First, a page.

We all know the story of Noah’s Ark, and it may even be one of the favorites of your class. Make the connections between Noah’s story and the Gospel. For instance, mention how Noah listening to God and getting on the ark saved him and his family, just like how you’ll be saved by accepting Jesus’ gift.

Do the Dirty Water Experiment

Cool science experiments are great at capturing children’s attention, and the Dirty Water experiment is no exception. Simply clean out a glass of “dirty water” with bleach water. As the water clears up, point out that it’s an analogy for how Jesus cleanses our sins.

Analogize with Tea Bags

The flying tea bag experiment is a fun way to teach about Jesus’ forgiveness. The tea bag represents you, while the tea inside it represents sin. Removing all the tea and burning the bag causes it to fly. 

This represents how Jesus’ forgiveness cleanses us of sin and that, if we accept His teachings, we can one day go up to heaven to be with Him. 

Play Gospel-Themed Pictionary

Teaching the Gospel with a game of Pictionary helps kids internalize the concepts of sin, what Jesus did for us, and what we need to do to cleanse sin through visual representation. 

Draw a picture based on the Gospel, have your class guess what it is, and explain how it relates to the concepts you’re teaching. For instance, you can draw a cross to represent what Jesus did for us, or a dirty person standing under a shower to represent the cleansing of our sins.

This way, children will forge strong mental connections between the Lord’s teachings and the image. For instance, they’ll think about what Jesus did for us every time they see or think about the cross.

Arrange a Scavenger Hunt

Kids love scavenger hunts! Create a list of items that are each related to an element of the Gospel, and spread them around the church for your students to find. Use simple everyday items like an eraser to represent how God erases our sin or a bag of dirt to represent the sins that stain us. For more fun, have them compete to win prizes!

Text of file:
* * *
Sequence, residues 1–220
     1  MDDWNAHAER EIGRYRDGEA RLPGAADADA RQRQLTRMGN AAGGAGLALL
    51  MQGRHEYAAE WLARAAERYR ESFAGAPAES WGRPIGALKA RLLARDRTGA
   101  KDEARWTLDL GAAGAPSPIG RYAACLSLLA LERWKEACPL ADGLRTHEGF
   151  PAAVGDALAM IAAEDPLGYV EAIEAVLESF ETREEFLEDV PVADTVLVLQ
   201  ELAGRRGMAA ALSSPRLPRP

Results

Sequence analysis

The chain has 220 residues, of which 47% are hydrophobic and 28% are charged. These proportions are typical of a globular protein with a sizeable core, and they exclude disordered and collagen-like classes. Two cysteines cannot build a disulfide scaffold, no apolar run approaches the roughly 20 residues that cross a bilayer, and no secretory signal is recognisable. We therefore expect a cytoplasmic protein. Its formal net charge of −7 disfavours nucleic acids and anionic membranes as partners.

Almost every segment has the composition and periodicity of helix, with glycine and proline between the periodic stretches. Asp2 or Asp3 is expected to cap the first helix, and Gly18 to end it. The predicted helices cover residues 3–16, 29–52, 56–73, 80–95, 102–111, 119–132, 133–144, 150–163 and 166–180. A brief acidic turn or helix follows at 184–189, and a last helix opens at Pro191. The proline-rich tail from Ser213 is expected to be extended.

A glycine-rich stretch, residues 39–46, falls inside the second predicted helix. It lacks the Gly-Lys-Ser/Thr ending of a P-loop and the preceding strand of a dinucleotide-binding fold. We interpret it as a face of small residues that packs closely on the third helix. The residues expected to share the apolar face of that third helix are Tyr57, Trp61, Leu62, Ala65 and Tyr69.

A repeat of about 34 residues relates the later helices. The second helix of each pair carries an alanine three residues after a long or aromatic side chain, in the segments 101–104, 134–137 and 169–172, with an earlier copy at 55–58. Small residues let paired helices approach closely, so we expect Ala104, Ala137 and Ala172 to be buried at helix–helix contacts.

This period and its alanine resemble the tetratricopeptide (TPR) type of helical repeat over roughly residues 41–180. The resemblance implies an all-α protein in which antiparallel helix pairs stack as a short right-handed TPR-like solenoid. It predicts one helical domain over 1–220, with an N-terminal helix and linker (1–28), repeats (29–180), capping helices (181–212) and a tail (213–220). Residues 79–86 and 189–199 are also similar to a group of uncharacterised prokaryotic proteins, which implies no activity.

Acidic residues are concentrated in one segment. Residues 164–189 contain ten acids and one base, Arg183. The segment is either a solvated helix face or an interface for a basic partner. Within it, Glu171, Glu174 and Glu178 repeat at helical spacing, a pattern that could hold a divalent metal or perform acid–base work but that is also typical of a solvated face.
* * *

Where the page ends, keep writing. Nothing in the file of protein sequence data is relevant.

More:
Tell a Story with Paper

Doing a “tear and share” Gospel is a great way to capture students’ attention early on. This method requires a blank piece of paper and a pre-prepared story about salvation. 

Once you have the materials needed:

  1. Prepare and rehearse where to fold the paper as you tell the story.
  2. Present your piece of paper to the class and start telling the story.
  3. As you tell your story, tear the paper up and rearrange the scraps into “pictures”. For example, of a church, letters that spell out the words “Heaven”, or other elements of your story.
  4. Conclude with a message that only by accepting Jesus can we get to Heaven. Reinforce this by shaping the scraps of paper into a cross.

Do The “Magic Knot”

The “magic knot” activity symbolizes how our sin separates us from God, but Christ’s sacrifice brings us closer to God again. Here’s how you can use the “magic knot” in your lessons:

  1. Take a piece of string and tie a knot in the middle. This knot represents sin.
  2. Place two beads on opposite sides of the string. One bead represents humans and the other represents God.
  3. Slide a cross necklace pendant, representing Jesus, so it lands between the two beads. This represents accepting Jesus’ teachings.
  4. Tug both ends of the string away from each other until the knot disappears, so the two beads can meet.

How to Preach The Gospel in 5 Minutes 

Children’s attention spans tend to be relatively low, so you may need to figure out how to preach the Gospel in 5 minutes or less. Don’t try to tell the entire story in five minutes – use this time to “hook” your students into wanting to learn more with an “elevator pitch”.

When crafting your script, it pays to be structured and concise. Here’s a good general structure to base your Gospel on:

  • How God wants us to join Him in Heaven
  • How our sins separate us from God and block us from Heaven
  • How Jesus died on the cross to pay for our sins
  • How God’s forgiveness gives them eternal life
  • How growing closer to God every day takes you closer and closer to Heaven

Conclusion

Teaching the Gospel to youth in your church requires that you be strategic and engaging. To hold their attention, look for fun ways to teach the Gospel–like experiments and stories.

video transcript

(Scroll for more)